By Chris Hobson, Director of Policy and External Affairs at East Midlands Chamber
“Lockdown has been a gruelling time for everyone for a whole variety of reasons, but people in Leicester have bore the very brunt of it.”
Finding out, just days away from so-called “Super Saturday” – when pubs, restaurants, barbers and non-essential shops were able to reopen – that the city would be placed under new localised restrictions was a hammer blow.
Businesses that had forked out on perishable stock in anticipation of welcoming back customers were suddenly out of pocket, heaping on financial pressure during already extremely challenging circumstances, while the mental health impact on Leicester’s citizens should not be underestimated amid this setback.
In the face of adversity, though, we saw the true community spirit of Leicester shine through in the #TogetherInHope campaign while we waited for the politicians to find a solution.
A coalition of city leaders including the University of Leicester’s Vice-Chancellor Professor Nishan Canagarajah, Leicester City Football Club CEO Susan Whelan and Bishop of Leicester Martyn Snow used social media to highlight messages of encouragement and acts of kindness for one another that had sprung up during the local lockdown.
At the Chamber, we were proud to join the campaign – which was also backed by high-profile personalities including Gary Lineker, Jonathan Agnew and Rosemary Conley – and showcase this wonderfully diverse city with a great history.
While the overarching reason for the local lockdown was understood as necessary for wider public safety, the Government’s reluctance to provide any additional, tailored support to Leicester businesses is a massive mistake.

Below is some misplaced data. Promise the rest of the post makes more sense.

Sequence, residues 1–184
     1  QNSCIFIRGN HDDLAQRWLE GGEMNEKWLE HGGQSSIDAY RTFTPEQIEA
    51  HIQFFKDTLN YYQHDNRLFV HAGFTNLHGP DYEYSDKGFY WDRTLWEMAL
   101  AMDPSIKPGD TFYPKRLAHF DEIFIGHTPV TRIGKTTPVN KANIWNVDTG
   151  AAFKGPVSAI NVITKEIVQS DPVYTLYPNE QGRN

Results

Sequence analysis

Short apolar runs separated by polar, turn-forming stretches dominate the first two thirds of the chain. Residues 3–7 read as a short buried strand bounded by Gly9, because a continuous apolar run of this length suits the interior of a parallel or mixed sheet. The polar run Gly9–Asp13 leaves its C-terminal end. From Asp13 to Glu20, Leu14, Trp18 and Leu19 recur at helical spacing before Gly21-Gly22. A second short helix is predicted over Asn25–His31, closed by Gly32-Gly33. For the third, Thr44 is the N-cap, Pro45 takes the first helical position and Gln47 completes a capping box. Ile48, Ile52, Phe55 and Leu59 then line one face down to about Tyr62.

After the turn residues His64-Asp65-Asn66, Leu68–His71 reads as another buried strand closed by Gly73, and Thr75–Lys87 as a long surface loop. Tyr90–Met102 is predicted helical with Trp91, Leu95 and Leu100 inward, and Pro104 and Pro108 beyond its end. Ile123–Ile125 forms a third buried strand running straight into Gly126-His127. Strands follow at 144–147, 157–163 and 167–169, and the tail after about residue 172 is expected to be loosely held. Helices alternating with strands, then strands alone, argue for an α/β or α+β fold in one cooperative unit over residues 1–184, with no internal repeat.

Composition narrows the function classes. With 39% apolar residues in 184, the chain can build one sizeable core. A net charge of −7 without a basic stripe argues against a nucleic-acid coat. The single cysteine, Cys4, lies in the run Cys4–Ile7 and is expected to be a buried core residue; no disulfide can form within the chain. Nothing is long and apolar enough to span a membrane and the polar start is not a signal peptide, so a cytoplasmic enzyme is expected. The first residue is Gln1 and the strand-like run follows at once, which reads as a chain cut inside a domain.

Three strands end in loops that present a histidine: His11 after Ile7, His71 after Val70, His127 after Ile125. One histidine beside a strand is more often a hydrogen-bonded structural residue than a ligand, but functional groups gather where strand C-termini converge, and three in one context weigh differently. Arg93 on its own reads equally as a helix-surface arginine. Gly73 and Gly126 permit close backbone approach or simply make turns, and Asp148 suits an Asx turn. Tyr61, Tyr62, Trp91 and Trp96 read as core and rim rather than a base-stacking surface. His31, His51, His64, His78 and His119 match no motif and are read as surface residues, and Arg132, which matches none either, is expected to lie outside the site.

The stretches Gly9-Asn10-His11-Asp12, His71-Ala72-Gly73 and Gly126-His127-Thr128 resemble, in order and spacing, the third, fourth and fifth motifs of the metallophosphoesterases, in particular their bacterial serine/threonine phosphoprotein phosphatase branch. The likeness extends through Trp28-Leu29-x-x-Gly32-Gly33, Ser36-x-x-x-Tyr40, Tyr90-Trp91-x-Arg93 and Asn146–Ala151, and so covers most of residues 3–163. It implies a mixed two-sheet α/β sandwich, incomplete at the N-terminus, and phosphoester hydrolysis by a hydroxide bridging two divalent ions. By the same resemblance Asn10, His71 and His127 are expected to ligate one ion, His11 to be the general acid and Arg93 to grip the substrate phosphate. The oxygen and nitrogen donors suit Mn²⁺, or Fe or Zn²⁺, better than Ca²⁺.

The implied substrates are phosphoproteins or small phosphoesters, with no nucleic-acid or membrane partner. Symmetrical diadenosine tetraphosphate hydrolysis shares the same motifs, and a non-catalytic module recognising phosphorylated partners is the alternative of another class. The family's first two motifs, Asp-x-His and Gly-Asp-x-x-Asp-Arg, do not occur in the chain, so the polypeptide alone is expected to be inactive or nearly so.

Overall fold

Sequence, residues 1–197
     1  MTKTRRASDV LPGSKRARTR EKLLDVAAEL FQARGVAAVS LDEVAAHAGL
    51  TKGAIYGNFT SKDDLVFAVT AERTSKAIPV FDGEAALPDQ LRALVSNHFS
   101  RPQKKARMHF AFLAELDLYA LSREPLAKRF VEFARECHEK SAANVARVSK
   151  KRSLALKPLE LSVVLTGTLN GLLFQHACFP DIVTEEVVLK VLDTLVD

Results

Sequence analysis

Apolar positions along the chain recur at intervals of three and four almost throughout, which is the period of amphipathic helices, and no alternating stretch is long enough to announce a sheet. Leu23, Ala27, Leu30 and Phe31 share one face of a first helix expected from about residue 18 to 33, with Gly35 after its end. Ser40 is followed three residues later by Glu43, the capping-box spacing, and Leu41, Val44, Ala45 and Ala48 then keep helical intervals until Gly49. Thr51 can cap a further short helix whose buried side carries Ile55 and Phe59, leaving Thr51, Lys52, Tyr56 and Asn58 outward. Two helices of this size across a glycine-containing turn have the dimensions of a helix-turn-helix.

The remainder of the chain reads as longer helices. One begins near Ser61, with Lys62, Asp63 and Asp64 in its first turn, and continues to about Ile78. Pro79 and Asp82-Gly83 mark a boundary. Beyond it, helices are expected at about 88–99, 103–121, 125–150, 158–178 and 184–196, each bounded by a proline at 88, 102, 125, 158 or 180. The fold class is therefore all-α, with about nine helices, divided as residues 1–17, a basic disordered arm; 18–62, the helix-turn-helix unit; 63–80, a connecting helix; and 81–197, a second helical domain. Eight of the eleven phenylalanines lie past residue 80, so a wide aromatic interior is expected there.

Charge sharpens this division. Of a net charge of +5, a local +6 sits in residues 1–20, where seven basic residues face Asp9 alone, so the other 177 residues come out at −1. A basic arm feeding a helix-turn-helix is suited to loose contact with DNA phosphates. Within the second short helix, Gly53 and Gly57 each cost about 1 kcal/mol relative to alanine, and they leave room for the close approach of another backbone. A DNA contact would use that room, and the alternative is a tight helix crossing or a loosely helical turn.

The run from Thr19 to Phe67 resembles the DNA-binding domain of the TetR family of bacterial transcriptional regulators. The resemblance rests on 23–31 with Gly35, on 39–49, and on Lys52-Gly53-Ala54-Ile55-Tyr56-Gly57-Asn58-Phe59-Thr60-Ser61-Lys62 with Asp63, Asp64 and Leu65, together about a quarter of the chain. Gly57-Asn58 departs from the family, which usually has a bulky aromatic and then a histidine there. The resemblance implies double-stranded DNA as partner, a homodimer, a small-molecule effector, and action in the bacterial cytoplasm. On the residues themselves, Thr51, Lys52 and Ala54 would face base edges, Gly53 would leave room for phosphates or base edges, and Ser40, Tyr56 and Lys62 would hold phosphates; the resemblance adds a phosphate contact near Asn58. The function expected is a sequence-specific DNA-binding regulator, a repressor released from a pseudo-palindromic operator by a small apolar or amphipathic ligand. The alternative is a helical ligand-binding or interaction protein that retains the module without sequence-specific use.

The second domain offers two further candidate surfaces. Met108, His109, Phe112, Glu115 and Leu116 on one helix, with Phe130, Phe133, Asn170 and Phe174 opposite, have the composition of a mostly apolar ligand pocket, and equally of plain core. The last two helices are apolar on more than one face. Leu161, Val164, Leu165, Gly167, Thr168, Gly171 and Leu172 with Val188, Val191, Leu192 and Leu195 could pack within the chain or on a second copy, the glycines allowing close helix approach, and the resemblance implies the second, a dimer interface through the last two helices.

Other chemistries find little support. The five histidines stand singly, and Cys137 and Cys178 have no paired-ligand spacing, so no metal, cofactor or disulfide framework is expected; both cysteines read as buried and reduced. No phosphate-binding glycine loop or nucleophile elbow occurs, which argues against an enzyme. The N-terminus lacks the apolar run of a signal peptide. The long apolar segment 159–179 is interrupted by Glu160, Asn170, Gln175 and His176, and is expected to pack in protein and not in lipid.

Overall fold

Without additional help to the relief packages that were offered at the start of national lockdown, there will unfortunately be a greater number of business failures in organisations that, without the impact of the forced closures, would otherwise be fundamentally sound.
We, along with many others, have lobbied Government to provide additional support. We have argued this needs to be in the form of grants, as opposed to debt, to prevent storing up greater problems for 12 months’ time once interest rates pick up or deferred VAT needs to be paid.
We have even made suggestions of where this funding might be found, drawing on under spend in original grant money existing in local authorities across the country.
Leicester and the surrounding authorities – along with any future local authorities affected – should be able to access some of this pot to deliver hyperlocal support to businesses impacted.
In terms of the country’s wider economic recovery, we support proposals to “build, build, build” in a “New Deal” strategy that prioritises infrastructure and job creation.
It’s important the East Midlands, which has the lowest spend per head of any region in the country when it comes to transport and infrastructure, receives its fair share of that investment.
We have some exciting development plans around the planned HS2 station at Toton, soon-to-be-decommissioned Ratcliffe-on-Soar Power Station and East Midlands Airport.
The latter is the UK’s busiest pure freight airport and adjacent to East Midlands Gateway, which is already proving to be a magnet for blue-chip firms like Amazon and DHL in creating major logistics hubs.